Clinically isolated syndrome-underlining m.s

Anyone only had a clinically isolated syndrome?. In 2010 6 months after my son was born I suffered from severe vomiting and after a few weeks my vision went. After being admitted to hospital were I had two MRI scans, lumbar function test, blood tests etc 4 months passed and I was told it was prob m.s then I was given steroids and I recovered quite quickly. Since then I have a lot of the symptoms that you all talk about the walking to the left, blurred vision, memory and concentration problems, nightmare fatigue etc. in hindsight I may or may not of had m.s for years as from about the age of 18 I have had bouts of illnesses which I ended up in hospital for but never got diagnosed with anything…I almost felt that the medical professional thought I was making things up!. I know I’m lucky that my symptoms are not severe but still feel in this limbo land where I don’t feel I can go back to my profession as I don’t have the stamina / want the stress or the travelling and I know I live and plan only on a daily basis but I miss my old unpredictable life. Anyone going through the same would be good to hear?

Hi,

Most of us would have had Clinically Isolated Syndrome at one time, even if it wasn’t called that… It just means the first presentation of neurological symptoms that are suggestive of MS and have MRI evidence to support it.

MS can’t be diagnosed until there is evidence of Multiple relapses, so a diagnosis of CIS is often made until either more lesions become apparent on MRI or until you have another clinical relapse; that is symptoms that also show objective signs of new neurological activity.

Were you offered any Disease Modifying Drugs, such as Betaferon, Copaxone, Rebif or Avonex? In Australia we seem to be much more aggressive about treating CIS with the DMDs than your Drs are in the UK. But it has been shown to slow down the conversion of CIS to clinaclly proven MS significantly and insome cases to prevent the MS from developing at all. It might be worth asking your neuro about starting treatment…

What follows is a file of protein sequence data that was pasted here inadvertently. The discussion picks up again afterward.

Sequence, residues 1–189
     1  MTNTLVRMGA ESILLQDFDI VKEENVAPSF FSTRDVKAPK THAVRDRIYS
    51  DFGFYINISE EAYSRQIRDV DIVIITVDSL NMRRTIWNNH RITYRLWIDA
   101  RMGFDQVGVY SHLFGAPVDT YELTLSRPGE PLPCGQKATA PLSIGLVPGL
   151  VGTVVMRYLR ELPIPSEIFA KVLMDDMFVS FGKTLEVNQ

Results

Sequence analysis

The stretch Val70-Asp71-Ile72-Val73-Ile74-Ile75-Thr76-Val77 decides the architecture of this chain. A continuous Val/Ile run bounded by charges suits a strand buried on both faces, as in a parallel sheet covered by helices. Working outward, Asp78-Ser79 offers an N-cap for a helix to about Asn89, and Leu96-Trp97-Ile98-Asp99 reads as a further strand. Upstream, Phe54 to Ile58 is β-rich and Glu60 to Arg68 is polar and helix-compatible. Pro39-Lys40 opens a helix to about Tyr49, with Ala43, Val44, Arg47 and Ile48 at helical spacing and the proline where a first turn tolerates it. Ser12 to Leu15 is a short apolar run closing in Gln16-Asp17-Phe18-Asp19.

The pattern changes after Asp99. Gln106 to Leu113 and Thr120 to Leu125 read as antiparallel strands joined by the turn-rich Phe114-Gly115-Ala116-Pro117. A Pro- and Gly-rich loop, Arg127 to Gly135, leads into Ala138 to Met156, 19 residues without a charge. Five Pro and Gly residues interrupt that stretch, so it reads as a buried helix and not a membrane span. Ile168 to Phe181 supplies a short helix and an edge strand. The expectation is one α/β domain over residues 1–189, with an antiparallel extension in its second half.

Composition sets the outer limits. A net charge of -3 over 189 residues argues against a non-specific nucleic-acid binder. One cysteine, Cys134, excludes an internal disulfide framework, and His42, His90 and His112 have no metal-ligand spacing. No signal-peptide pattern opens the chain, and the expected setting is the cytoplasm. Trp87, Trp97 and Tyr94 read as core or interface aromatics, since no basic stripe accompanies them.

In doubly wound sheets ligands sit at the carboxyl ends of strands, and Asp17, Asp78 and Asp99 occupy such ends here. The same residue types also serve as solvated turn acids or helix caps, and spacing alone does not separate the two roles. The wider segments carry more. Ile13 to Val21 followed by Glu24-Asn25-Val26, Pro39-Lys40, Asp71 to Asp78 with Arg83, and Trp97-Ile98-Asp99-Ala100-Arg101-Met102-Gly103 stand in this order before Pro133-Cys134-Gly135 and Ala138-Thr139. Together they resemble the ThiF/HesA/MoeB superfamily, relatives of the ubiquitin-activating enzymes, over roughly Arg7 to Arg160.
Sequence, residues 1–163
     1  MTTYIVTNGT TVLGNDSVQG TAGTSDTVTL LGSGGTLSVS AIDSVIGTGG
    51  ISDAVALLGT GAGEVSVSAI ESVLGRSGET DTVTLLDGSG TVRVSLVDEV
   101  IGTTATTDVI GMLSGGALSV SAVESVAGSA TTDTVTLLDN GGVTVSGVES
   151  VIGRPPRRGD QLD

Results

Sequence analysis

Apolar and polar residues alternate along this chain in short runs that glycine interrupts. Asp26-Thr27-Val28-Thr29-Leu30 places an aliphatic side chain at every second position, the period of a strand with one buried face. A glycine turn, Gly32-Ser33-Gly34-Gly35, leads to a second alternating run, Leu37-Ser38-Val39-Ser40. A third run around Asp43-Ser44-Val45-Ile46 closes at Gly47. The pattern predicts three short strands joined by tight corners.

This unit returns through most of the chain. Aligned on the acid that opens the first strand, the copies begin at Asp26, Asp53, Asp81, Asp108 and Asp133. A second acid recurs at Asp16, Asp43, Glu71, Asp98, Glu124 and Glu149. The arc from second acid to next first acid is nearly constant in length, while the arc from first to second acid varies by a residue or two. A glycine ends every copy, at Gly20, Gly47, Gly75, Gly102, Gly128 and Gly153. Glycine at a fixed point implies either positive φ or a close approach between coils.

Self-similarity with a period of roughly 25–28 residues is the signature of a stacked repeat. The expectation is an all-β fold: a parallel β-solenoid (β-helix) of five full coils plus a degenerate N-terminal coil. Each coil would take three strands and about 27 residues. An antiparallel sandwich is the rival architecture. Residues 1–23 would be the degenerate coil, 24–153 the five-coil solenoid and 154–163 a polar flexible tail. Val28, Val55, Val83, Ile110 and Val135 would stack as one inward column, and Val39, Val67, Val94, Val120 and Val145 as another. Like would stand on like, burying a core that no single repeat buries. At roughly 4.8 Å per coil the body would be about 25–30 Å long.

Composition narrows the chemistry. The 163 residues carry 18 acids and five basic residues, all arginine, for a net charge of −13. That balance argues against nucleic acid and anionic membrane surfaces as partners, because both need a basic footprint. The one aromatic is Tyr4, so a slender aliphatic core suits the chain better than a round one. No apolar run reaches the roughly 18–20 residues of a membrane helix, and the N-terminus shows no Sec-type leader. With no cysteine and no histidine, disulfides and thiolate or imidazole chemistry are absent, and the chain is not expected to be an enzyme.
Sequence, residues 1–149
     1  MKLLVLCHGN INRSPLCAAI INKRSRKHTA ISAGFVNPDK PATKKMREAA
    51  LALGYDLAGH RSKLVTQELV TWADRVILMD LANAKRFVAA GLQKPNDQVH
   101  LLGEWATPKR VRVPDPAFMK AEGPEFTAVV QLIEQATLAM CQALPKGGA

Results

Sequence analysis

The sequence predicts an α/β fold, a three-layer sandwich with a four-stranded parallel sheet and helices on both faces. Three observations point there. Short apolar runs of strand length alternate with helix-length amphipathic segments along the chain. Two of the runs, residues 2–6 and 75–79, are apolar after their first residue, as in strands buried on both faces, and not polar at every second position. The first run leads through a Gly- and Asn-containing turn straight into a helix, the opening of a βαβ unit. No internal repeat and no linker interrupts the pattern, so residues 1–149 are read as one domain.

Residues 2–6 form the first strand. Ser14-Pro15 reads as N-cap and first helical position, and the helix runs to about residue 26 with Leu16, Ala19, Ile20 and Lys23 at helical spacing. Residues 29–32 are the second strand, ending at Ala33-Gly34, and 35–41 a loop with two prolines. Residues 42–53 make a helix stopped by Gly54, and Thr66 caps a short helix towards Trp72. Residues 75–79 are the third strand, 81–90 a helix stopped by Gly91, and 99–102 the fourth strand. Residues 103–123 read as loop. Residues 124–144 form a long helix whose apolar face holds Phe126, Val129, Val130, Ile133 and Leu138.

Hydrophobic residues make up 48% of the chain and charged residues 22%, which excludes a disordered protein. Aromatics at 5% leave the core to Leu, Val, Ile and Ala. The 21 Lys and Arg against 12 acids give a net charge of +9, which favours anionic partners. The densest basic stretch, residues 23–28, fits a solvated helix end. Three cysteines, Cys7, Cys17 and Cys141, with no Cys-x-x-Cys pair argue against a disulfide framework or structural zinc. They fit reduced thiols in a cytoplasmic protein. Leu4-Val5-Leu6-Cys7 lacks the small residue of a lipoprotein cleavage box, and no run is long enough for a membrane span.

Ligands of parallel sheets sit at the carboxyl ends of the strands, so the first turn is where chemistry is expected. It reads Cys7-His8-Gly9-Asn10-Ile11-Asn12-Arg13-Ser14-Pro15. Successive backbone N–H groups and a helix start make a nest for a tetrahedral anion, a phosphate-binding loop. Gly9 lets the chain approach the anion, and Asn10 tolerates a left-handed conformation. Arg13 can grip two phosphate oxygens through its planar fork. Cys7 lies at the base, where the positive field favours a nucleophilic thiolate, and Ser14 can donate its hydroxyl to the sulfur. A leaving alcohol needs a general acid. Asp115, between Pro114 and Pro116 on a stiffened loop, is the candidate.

Being unwell with a newly diagnosed neurological condition is hard indeed. But don’t give up on your old life just yet. If your are in a relpase at present, give yourself time to recover. Most people make extremely good recoveries from relapses in these initial stages of MS and even for years afyer the disease has become more established and there is nothing to suggest that you won’t be back to normal functioning fairly soon. You won’t always feel this rubbish.

B

I was too a CIS’er. I know the feeling when you telling them your symptoms and you feel that you have made them up. But i was lucky to get a great neuro (he was in the last mssociety mag getting an award), he put me straight into hospital to get the steroids. He went through the last few years of my life to see if i was getting ms “attacks” . Then a bout of sight probs and more tests he was happy it was ms. It only took 6 months, but its such a hard thing to prove you have. They dont want to miss anything out. I feel the same I want to go back to my job but cant handle the manual labour at the mo. It is hard to adjust. But the way we feel today may not be forever, their is no timeline on recovery.

Thanks for your replies. I think I find it frustrating at times especially when I want my little boy to have the same up bringing as me…very active etc. my m.s nurse was unsure if I had a relapse a few moths back as I had new symptoms but no suggestion of another MRI scan. My neurologist has been brilliant and as It was a long dawn out episode (his words) it lasted from the end of jan to the April wen I was finally given steroids to speed up the recovery he said it probably was m.s but as u said unless you have a clearly defined ‘relapse’ It cannot be diagnosed although if I was to apply for a Job I would have to state that I have m.s! I think it’s the unknown that scares me most especially as. I Have no family support where I live currently and I do see I have progressed enormously since my episode as I couldn’t remember lots of things, I couldn’t drive, numbness and my hearing and eyesight was a problem it’s been a very slow process. I have tried to do some self employed work but the stress then brings on symptoms ad I have to prioritise my sons (he’s 3yrs old ) well being. I know it cud be worse and I am lucky in many ways but that doesn’t stop me being scared and worried about my future especially for my little boy. Looking back I think I’ve prob had a relapse every 3 yrs but it was only because I could not keep any fluids down the hospital had to do tests and lots of them there were!. Thanks again